Tuesday, January 22, 2019

Bathroom Saga

We have a bathroom that is in pretty bad shape. We have been living in our condo for almost 20 years and while we have added paint several times and replaced the flooring on all three floors, big renovation projects have not happened yet. We have two big ones planned. The first is the bathroom off Ts room. The second is our walk out basement. There has been a slow water leak in the room for the past twenty years and the floor has rotted out. The entire bathroom needs to be overhauled.

You can see the water damage on the left next to the tub. 
The baseboards in the house are all cardboard, so there’s little pieces of brown cardboard all over. 
And whoever decided to paint the wall green really should be shot.
It’s even better in real life.

We are replacing the tub with a shower and glass door. This will require tearing out the tub (to fix the floor) and the walls (which may also be compromised). That means that my 18 year old young man who only wears monochrome clothing and spends more time doing his hair in the morning than I take all week, gets to pick the details for the bathroom. 

This is the tile he choose for the shower, thinking water over rock would be cool.
We are applying some pressure to get him to look at something else, since keeping this clean would be a bitch.
Although, I think it is beautiful tile and could be used as an accent wall.

And I’m not sure it really goes with the black time he choose for the floor.
Not to mention my handy woman who is doing the remodel is not happy about the edges on the tile he selected.
I’m afraid we would lose so much tile sq footage from having to make the edges straight, that the discount price would no longer apply.

We went to Home Depot tonight and looked at vanities. We need one without a top, so we can have a custom top made for the space.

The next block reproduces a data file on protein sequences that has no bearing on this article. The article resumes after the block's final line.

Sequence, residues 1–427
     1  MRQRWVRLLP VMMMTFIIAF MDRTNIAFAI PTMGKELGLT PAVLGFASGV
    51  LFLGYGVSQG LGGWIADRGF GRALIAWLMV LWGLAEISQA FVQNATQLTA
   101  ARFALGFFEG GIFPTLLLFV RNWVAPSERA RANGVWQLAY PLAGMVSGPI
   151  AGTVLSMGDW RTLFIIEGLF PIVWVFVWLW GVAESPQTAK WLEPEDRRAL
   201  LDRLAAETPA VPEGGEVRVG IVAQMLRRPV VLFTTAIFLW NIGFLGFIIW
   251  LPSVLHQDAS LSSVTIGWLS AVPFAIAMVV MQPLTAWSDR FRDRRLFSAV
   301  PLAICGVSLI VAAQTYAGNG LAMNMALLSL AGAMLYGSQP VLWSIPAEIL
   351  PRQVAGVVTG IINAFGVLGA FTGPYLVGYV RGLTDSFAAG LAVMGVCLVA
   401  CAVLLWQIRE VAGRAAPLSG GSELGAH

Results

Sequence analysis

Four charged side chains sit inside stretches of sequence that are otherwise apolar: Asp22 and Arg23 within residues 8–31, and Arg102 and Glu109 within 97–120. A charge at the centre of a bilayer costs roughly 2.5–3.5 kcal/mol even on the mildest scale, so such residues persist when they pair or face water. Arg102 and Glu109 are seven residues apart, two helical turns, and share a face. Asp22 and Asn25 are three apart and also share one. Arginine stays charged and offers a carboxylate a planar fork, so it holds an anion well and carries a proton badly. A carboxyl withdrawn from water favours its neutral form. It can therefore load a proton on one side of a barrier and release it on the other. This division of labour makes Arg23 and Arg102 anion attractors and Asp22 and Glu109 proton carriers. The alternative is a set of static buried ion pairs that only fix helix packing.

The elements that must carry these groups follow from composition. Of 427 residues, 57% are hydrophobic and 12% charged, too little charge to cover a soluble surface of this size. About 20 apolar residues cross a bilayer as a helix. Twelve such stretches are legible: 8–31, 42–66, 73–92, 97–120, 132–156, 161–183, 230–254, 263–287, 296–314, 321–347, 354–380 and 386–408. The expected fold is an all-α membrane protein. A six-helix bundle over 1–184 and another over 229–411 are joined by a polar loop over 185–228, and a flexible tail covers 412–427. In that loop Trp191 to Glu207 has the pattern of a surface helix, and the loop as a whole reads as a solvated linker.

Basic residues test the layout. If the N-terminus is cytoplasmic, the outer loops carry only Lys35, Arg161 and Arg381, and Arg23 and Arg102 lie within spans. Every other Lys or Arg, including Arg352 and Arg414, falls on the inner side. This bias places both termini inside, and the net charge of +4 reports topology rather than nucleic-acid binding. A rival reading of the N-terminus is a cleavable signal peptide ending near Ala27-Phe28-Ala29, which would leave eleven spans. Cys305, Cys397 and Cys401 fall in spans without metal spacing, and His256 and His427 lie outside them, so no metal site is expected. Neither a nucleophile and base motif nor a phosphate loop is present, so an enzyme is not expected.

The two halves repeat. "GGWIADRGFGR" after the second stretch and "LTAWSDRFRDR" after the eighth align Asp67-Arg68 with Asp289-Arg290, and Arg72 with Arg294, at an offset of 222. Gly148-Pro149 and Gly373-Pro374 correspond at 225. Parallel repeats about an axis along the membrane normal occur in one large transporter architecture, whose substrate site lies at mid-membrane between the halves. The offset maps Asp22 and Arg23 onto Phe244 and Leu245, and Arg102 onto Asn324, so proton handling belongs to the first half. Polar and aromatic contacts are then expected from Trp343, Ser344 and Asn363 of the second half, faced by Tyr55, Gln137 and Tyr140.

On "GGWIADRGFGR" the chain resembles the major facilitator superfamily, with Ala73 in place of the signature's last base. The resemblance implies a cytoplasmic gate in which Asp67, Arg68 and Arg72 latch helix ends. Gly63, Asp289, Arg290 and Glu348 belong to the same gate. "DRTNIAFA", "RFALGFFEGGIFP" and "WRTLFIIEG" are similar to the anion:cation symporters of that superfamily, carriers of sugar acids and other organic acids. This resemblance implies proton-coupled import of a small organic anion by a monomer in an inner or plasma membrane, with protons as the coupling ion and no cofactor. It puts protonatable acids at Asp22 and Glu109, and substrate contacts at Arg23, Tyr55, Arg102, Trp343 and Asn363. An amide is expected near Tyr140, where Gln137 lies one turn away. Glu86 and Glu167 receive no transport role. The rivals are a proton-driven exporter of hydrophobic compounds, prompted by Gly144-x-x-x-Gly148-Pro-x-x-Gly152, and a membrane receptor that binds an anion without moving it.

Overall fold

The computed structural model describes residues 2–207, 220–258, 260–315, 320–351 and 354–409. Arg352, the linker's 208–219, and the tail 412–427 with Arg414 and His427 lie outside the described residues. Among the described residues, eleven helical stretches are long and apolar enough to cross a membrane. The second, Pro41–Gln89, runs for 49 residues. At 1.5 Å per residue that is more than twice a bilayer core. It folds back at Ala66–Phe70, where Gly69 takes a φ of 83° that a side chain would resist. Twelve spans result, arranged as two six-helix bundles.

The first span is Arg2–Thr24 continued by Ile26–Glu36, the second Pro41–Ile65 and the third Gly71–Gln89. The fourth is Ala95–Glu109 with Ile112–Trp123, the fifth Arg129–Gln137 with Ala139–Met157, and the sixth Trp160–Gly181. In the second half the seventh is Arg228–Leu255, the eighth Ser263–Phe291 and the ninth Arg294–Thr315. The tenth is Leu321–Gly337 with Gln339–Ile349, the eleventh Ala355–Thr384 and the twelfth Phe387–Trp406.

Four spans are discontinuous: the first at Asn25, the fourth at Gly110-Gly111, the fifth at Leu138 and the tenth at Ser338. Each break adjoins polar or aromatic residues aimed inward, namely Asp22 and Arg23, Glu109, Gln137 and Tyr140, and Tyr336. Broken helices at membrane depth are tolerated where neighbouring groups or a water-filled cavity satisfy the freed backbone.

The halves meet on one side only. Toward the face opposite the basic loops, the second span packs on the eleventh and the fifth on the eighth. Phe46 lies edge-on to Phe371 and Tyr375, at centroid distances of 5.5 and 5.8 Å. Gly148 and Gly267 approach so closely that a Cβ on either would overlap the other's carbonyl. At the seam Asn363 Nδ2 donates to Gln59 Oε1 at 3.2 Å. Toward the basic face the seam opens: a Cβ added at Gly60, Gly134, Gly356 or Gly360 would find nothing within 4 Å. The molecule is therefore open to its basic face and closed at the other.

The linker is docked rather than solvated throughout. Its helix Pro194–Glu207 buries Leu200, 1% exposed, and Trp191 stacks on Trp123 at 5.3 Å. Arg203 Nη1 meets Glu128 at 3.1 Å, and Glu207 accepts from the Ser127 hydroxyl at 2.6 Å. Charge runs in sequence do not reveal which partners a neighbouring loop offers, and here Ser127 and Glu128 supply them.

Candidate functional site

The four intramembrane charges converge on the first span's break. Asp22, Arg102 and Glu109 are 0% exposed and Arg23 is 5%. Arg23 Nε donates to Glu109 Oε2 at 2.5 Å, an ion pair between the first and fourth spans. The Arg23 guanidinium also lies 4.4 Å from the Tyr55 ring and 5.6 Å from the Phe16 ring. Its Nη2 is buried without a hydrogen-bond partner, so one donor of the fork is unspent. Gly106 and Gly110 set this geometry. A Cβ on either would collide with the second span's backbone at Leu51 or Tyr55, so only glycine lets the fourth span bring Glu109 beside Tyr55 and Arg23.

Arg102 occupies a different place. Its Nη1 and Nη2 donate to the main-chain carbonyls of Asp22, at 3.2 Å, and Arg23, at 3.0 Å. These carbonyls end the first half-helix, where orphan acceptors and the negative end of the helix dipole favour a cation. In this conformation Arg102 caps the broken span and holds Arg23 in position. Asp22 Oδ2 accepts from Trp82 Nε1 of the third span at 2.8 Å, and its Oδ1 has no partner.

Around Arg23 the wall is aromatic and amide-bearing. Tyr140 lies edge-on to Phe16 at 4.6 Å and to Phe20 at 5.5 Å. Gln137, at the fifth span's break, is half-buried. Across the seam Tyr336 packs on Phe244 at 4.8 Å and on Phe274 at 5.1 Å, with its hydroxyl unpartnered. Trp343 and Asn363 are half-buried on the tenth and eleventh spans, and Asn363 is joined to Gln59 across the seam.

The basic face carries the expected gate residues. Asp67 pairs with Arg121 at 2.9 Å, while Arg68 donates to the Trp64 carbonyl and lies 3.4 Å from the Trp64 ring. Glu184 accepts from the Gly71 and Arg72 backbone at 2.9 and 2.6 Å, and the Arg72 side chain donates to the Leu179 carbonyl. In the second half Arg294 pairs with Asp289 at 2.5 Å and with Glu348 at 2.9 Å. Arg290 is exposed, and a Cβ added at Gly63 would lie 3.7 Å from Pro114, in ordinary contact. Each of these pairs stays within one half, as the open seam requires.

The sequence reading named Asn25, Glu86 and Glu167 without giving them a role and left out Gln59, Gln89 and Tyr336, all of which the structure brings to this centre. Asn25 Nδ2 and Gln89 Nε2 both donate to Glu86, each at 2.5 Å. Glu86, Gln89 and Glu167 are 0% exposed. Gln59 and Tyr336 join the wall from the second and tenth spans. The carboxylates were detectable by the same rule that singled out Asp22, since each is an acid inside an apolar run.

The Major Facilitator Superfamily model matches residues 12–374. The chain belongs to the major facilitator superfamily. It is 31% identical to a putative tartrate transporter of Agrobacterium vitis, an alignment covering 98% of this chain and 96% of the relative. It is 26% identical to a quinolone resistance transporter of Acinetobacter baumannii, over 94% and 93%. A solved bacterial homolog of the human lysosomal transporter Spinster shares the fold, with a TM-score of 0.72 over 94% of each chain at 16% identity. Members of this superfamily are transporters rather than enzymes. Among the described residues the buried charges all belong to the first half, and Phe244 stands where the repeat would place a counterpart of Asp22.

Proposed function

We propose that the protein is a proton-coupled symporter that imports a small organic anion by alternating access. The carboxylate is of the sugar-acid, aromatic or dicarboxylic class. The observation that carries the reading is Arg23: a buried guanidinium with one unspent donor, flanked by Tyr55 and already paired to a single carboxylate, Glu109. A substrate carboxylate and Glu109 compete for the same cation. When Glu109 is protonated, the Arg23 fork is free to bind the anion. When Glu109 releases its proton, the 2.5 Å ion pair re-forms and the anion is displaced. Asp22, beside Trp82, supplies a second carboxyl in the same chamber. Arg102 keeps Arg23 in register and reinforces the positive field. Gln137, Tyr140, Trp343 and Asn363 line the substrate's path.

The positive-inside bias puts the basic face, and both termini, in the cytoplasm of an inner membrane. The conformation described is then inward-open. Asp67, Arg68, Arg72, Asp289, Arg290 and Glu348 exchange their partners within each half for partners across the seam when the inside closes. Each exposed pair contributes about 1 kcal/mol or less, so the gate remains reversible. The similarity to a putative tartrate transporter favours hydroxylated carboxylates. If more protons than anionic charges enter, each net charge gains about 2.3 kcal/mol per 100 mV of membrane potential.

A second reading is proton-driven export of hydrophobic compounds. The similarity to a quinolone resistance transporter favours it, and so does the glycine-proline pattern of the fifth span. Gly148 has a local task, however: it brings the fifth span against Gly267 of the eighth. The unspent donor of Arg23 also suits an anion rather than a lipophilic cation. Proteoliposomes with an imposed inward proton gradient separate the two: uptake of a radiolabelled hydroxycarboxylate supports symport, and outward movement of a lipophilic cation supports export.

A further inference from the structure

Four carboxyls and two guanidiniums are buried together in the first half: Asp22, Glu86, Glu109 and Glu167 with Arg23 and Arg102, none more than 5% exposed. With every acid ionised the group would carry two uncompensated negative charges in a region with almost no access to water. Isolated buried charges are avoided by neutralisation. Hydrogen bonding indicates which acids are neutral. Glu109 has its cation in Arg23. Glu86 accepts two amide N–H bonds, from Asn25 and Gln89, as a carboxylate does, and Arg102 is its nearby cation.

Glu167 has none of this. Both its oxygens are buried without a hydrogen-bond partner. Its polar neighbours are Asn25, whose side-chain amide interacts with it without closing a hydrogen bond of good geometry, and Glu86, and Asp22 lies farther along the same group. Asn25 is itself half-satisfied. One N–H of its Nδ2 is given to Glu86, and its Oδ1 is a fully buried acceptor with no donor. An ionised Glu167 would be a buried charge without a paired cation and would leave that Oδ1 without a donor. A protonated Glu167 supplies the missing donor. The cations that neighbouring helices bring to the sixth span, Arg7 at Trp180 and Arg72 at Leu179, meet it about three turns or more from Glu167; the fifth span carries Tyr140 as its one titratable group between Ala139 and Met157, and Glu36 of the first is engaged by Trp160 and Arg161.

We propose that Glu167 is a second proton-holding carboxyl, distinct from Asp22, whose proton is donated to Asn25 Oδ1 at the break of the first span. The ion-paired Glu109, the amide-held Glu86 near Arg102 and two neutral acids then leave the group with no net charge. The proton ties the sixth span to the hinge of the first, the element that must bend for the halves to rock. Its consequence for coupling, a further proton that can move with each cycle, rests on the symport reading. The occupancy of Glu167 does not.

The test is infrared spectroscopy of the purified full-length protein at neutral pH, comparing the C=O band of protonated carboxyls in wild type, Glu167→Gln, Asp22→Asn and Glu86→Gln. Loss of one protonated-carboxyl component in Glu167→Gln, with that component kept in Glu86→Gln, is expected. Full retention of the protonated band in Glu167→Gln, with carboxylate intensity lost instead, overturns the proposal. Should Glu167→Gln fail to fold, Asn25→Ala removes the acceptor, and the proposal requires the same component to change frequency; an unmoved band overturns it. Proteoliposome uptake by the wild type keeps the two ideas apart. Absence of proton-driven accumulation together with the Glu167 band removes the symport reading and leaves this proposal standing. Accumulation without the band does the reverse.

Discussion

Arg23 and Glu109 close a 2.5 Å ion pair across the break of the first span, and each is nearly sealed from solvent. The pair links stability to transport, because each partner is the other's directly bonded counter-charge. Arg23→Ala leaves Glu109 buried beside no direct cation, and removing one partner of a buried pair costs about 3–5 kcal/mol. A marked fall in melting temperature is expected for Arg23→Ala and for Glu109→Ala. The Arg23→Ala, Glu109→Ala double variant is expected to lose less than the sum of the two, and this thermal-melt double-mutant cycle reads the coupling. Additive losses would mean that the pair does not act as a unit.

The cabinet is 30”, the space is 60” and there is a toilet too close to the vanity to be able to install a six foot vanity.
So we will buy a 60” slab of something to top this cabinet.
T liked this model better than the one with two bigger drawers. I’m hoping his plethora of hair products will find homes in them.

He also picked out this set of lights to replace the ugly round bulbs we currently have in there.
They look like glass and I think they will go well with the rest.

This is the tile we are encouraging, that he likes.
Much easier to install and maintain. Plus, it will help lighten the room and not make it appear to be a black hole.
And we are going to look at this piece as a possible tile for the floor. It will either be this one or the one in the top photo.
He really likes the aesthetics of black, white and grey. We will have to look at this particular tile to see if the color is as nice as it looks.
It is turning into a monochrome look, for sure.

I love that my son has been both flexible and consistent in his understanding of the aesthetics of the tile we are looking at, while being flexible about the rock wall.

Monday, January 21, 2019

Dinner: Flank Steak and Roasted Veggies

This was a combination of yellow squash, zucchini, mushrooms, fingerling potatoes, Brussel Sprouts, asparagus, and pearl onions.
I drizzled the veggies with olive oil and mixed in some minced garlic, spread it on the tray and sprinkled with Parmesan cheese.
About 40 minutes in the oven at 350.

Flank steak with Montreal Steak Seasoning from Costco
Cooked rare under the broiler
Also a little bit of heaven

Sunday, January 20, 2019

Ride #9: Aggravation

I met Flambe at the barn to ride on Sunday morning. She was on limited time, so I didn’t set up the Pixem. I went through the manual last time I tried to use the Pixem and didn’t find anything in the manual that told me what I was doing wrong. I will have to get to the barn early one day so I can play with the camera and beacons until I figure it out. It may also work better outside in the outdoor arena. I will try it out there the next time I am convinced the footing is good.

Kat was really up when Flambe mounted, which was a little scary to me. Kat is a Friesian with a touch of Arabian, and although she was standing well at the mounting block, she was very tense and up when they moved away. It took a little bit of riding for her to settle. During that time, Ashke was soft and listening, moving near and away from Kat without any tension. He felt good through his body and ready to work.